Taxpayer funding for the British royal family reached £35.7 million last year, as the Queen’s expenses rose by £1.9 million, or nearly 6 percent , as the so-called ‘commoners’ grapple with the hardships of recovery.
The figure works out to 56 pence per person, less than $1, which royal aides have said is a “good value for money.”
The Queen’s accounts are kept solvent by the Sovereign Grant, a fund to pay for royal expenditure such as transportation, employee salaries, and keeping palaces in good condition. Previously, the UK royal family were funded by the Civil List, and separate grants were made for travel and property maintenance to the Queen and other royals in active state roles. In real terms, Queen Elizabeth’s finances increase by even more – £2.4 million from the previous year.
One of the largest property owners in the UK the royal family increased its budget to look after its palaces by £4.2 million to £13.3 million, or a 45 percent increase to cover what they consider a ‘backlog’ of restoration projects.
Included in the backlog is refurbishing crumbling and leaky royal residences, including Buckingham Palace, which has an outdated and expensive heating system that runs a near £800,000 heating bill per year.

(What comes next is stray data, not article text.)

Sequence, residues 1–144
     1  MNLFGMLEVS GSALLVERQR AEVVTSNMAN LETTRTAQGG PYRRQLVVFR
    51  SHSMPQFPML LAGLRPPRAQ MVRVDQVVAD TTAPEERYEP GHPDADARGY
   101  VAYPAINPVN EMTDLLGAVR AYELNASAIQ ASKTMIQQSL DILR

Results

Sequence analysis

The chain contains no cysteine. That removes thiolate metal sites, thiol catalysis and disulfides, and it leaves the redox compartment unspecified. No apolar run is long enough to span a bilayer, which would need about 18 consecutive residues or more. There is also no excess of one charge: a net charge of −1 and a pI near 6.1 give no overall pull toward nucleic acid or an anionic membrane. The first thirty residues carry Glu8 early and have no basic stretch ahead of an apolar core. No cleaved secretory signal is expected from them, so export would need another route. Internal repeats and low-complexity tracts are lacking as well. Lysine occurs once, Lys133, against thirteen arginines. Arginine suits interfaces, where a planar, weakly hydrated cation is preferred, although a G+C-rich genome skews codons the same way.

Kensington Palace had to be “completely re-serviced” last April to rid it of old building materials that cause lung cancer. Over the last two years, £4.5 million has been spent on refurbishing the 20 bedroom apartment, which also houses Prince Charles and his family. The royal family footed the bill for interior design themselves.
Last December, Prince Charles, the eldest son of the Queen, spent £255,000 to attend Nelson Mandela’s memorial in South Africa.
Last year, the public funds allotted to the Queen’s pocketbook reached £32 million, a figure that includes the extra £1 million to put on the Diamond Jubilee celebration.
Although the family is historically one of the country’s wealthiest, they claim that the reserve fund has been emptied, and that they only have £1 million left, compared to the £35 million in 2001. The family blames poor financial management on the Treasury.
The estimated total annual cost of the monarchy is £299.4 million, around nine times the official figure published by the royal household as reported by anti-monarchy campaigners.
Britain’s economy re-entered recession in 2012, the first double-dip recession since 1975. The economy is showing signs of healthy growth including unemployment at 6.6 percent, passing the governments’ goal of 7 percent. But darker days may lay ahead with a housing bubble on the brink of bursting and a massive trade deficit.